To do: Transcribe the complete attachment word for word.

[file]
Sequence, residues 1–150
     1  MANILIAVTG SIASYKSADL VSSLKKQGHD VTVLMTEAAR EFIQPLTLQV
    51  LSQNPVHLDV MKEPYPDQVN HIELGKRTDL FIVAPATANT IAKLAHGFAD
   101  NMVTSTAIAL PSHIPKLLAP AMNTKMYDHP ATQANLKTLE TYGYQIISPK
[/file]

Sequence, residues 1–150
     1  MANILIAVTG SIASYKSADL VSSLKKQGHD VTVLMTEAAR EFIQPLTLQV
    51  LSQNPVHLDV MKEPYPDQVN HIELGKRTDL FIVAPATANT IAKLAHGFAD
   101  NMVTSTAIAL PSHIPKLLAP AMNTKMYDHP ATQANLKTLE TYGYQIISPK